by Andrew Walden
March 13 was the birthday of Scientology founder L Ron Hubbard. One day later, Rep Rida Cabanilla presented Scientology with a gift in the form of Hawaii House Resolution 196. Passed unanimously by the House, HR196 offers effusive praise for Scientology and its front groups. Scientology has been tied to ‘torture’ and accused of running ‘concentration camps’, but HR196 enthuses: “for over five decades, the Church of Scientology has worked to support human rights and social betterment programs around the globe.”
This is not the first time Cabanilla has delivered Scientology a Mid-March birthday present. In March, 2009 Cabanilla pushed for state-backing of the Scientology-based ‘Second Chance Program’ in Hawaii via HB358 (see below). HB358 passed both houses but was vetoed by Gov Lingle. Lingle’s veto was overridden, making HB358 law as Special Session Act 4 of 2009.
Take a look at the names attached to these efforts and connect the dots.
2013 Link: HR196
2009 Link: HB358 Legislative History, Text, Testimony
For those who are unfamiliar, here are a few recent articles dealing with the record of Scientology on ‘Human Rights’:
And this article discusses the efforts of Scientology to infiltrate state legislatures nationwide: Exposing Scientology in Government.
Here is the Scientology news release on HR196 and additional background material:
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Church of Scientology Commended by Hawaii House of Representatives
News Release from Church of Scientology, March 26, 2013
The Hawaii House of Representatives awarded Certificates of Commendation to the Church of Scientology and Hawaiian Scientologists March 14, 2013, in recognition of the dedication of individual members to helping in the community and the Church’s work to “support human rights and social betterment programs around the globe.”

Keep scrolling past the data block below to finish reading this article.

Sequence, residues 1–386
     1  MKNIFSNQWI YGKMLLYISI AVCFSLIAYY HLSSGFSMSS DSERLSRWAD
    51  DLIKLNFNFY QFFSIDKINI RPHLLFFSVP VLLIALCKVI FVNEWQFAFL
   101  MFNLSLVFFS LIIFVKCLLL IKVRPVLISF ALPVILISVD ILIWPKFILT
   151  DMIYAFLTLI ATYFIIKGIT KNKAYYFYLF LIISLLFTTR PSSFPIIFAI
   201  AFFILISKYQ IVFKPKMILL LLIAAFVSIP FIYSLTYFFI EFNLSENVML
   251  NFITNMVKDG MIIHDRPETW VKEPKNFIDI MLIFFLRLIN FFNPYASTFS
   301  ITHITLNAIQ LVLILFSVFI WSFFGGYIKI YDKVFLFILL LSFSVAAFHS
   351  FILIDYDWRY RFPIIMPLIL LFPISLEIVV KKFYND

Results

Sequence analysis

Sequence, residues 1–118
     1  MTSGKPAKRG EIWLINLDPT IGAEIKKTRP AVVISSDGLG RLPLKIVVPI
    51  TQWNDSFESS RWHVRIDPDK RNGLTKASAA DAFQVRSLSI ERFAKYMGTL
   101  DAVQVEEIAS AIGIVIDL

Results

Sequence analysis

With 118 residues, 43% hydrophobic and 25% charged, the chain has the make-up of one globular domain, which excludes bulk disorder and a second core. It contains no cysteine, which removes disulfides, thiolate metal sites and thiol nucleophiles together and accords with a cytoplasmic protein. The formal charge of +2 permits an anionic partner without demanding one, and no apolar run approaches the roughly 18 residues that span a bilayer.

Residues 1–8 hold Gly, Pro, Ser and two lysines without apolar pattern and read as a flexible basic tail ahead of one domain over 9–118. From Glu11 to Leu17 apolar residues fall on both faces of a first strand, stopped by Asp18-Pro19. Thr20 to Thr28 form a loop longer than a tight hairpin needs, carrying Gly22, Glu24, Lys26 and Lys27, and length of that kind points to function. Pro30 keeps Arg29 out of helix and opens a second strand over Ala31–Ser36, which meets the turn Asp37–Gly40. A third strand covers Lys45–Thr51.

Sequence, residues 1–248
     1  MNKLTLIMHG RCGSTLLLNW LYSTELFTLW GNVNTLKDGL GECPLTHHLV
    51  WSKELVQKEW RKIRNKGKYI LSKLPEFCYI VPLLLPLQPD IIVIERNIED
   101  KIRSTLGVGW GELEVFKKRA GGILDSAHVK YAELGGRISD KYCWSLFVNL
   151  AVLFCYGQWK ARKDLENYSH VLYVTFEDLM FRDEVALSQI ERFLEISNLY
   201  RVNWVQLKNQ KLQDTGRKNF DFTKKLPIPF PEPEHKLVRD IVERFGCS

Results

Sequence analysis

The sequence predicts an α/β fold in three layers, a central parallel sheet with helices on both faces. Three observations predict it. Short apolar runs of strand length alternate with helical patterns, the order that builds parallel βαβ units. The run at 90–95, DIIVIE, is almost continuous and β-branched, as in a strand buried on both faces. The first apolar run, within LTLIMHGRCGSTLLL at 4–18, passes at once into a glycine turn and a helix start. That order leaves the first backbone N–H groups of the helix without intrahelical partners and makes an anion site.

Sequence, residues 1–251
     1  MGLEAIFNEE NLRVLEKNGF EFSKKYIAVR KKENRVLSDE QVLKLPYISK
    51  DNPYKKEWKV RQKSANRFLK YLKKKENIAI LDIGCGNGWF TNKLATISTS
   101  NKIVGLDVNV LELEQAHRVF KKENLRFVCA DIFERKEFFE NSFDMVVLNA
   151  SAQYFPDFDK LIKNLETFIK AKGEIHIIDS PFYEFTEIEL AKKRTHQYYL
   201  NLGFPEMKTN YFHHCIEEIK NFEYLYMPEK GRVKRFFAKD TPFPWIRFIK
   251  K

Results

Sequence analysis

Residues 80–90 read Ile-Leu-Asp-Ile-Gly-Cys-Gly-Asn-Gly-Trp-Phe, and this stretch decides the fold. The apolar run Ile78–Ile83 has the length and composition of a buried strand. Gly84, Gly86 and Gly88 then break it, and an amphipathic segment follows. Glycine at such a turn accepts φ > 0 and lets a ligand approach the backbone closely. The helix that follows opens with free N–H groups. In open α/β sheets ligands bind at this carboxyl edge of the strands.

The commendations, introduced by Hawaii Representative Rida Cabanilla, acknowledged the work of Scientologists who “volunteer more than 27 million hours in their communities through participation in humanitarian programs.” The commendation specifically mentions “programs devoted to the preservation and expansion of human rights;” (Wow. Just wow.) “the Church of Scientology drug-awareness program,” described as “one of the largest drug education initiatives in the world;” its drug rehabilitation work which implements technology developed “by its founder L. Ron Hubbard, to assist addicts with recovery without the use of other substitute drugs or medications;” Scientologists distribution of The Way to Happiness, which “has been shown to reduce crime and bring calm and happiness to areas previously in turmoil” and “the Church of Scientology’s Volunteer Ministers program [which] has dispatched its volunteers around the world to provide humanitarian aid and assistance in communities devastated by natural disaster.”
Individual Hawaiian Scientologists commended were Amanda Barefoot for her work with young people, increasing their levels of literacy and their ability to apply what they learn so they can live up to their own potential; Sakura Thompson, whose work in the Church-supported Truth About Drugs education and prevention program is helping Hawaiian youth live drug-free lives; and Hilu Hanson, who educates youth on the Universal Declaration of Human Rights to raise awareness of fundamental rights and increase tolerance and respect for diversity.
Rev. Bob Adams accepted the Certificate of Commendation on behalf of the Church of Scientology International.